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14 November 2011

I am leaving the phone at home

What might it be like to wander around without anxiously looking at a screen every ten seconds? I wo

By Steven Baxter

I am leaving the phone at home.

Those words are easy to write, but not so easy to carry out in practice. But I think it’s worth a try. Since I’m on holiday this week, I thought “Why not?” — and so, I’m going to give it a go.

I was made redundant in the middle of June, since when I seem to have slipped into a familiar pattern of gazing at a screen for hours on end. Not that I didn’t do that at work, you understand; but at least I was getting paid for it then. I’ve taken work home, and now I’m doing it for nothing. Work shouldn’t be a hobby. Hobbies shouldn’t be dull, like work. But there it is: my hobbies seem to consist of gazing at a set of characters on a screen, almost all day, every day.

It’s got bad. I’ve started to venerate Martin and Lucy out of Homes Under the Hammer as gods in a strange duotheistic religion I’ve created. It largely centres around buying property at auction and ensuring that you don’t forget to read the legal pack, but other than that it’s a fairly straightforward new religion. I’m the only devotee, as far as I’m aware, but I keep the flame burning every morning at 10am without fail. The pair of them have become such significant figures in my poor puggled unemployed brain that I’ve begun to look forward to their daily presence as one might the arrival of workmates, or friends — and the ritual of communion with these two property doer-uppers has led to me seeing them as worshipful, all-knowing beings.

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Television, though, is not the only screen to which I bring my gaze every day. I have a phone, which I look at all the time, as well. And this: the screen I’m looking at now, the PC screen. If I’m not looking at one, I’m looking at another. Sometimes I’m looking at Twitter on my PC, while simultaneously reading tweets on my phone. Sometimes it feels like there’s no point in watching TV without tip-tapping away on the tiny BlackBerry keys in order to tell the world that I’m watching the thing I’m watching, and that my opinion on it is X, Y and Z.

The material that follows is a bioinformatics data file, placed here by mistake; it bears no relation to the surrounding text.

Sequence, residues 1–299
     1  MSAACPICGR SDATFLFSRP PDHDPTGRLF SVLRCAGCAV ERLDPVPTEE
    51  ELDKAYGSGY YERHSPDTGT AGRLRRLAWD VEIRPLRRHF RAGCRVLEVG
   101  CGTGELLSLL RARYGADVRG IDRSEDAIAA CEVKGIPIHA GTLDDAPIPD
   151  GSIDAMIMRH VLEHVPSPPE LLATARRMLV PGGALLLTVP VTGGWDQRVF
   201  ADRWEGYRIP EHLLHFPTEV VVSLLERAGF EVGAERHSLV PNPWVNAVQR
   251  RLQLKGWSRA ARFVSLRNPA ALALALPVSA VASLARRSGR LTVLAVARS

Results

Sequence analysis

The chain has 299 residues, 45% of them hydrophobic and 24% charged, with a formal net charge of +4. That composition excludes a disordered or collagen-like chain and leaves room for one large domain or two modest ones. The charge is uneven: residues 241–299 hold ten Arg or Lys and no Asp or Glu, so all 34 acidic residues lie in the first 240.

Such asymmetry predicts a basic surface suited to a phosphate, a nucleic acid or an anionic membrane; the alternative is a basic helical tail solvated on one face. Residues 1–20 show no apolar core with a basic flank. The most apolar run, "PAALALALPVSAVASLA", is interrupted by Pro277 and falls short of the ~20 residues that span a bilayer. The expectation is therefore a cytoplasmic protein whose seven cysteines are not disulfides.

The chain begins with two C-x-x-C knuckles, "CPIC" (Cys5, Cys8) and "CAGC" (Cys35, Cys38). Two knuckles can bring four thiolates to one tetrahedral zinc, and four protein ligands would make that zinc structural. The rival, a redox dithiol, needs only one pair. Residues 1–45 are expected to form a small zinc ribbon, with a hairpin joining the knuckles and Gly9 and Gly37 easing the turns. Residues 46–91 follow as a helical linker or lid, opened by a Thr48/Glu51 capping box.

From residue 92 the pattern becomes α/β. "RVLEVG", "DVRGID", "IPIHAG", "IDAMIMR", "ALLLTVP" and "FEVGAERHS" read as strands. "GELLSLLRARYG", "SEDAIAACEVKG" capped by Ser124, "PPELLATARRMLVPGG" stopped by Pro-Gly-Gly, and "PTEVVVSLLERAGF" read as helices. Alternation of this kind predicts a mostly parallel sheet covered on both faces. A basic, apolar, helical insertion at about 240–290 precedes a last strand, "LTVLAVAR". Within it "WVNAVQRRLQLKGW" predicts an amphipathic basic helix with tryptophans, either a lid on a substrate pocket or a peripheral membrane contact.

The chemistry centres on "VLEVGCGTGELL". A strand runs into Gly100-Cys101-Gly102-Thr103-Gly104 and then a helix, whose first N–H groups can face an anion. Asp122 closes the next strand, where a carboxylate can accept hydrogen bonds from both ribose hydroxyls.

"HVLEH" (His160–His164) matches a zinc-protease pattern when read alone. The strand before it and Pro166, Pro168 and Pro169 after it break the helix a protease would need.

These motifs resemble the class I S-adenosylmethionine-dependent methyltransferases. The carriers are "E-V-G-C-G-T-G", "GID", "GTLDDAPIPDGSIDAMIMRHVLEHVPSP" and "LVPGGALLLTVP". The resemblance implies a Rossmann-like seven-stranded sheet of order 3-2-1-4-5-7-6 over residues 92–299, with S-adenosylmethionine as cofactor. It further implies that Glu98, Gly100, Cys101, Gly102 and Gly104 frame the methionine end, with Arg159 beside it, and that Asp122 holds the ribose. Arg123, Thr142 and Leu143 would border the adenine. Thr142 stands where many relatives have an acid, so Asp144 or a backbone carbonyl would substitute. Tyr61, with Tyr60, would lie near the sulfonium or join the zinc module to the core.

How did it come to this? Whatever happened to looking at things with your eyes, and just enjoying them for what they are? Is there no way we can simply sit through a TV show now, without telling random people on the internet what we think about someone’s hair or who they vaguely look like? Apparently not. I can see the idea of the virtual community being more pleasant, less odorous and easier to shove out of the house when you want to get some sleep, but I worry there’s a stage at which this all might lead to some disconnect with reality.

I remember looking at things. You know, just looking at them, without having to see them transformed into zeroes and ones on a small LCD in front of you to verify their existence. I remember when you could just go and see stuff, and enjoy it for what it was, without the necessity of a tediously framed and set up digital record; or going to gigs without having to film ten blurry, jerky seconds so you could prove you were there.

I don’t want to come across as a grumbling old Luddite railing against the modern technology that allows me to write a blog or stay in touch with my friends in the “meatspace”, or real world, more than I could ever have done 10 or 15 years ago, but there it is. I just wonder what it might be like to wander around without having to anxiously look at a screen every ten seconds. I have a feeling it might be some kind of liberation, and worth doing. So I’m going to give it a whirl.

I’ll send you a text to let you know I’m all right.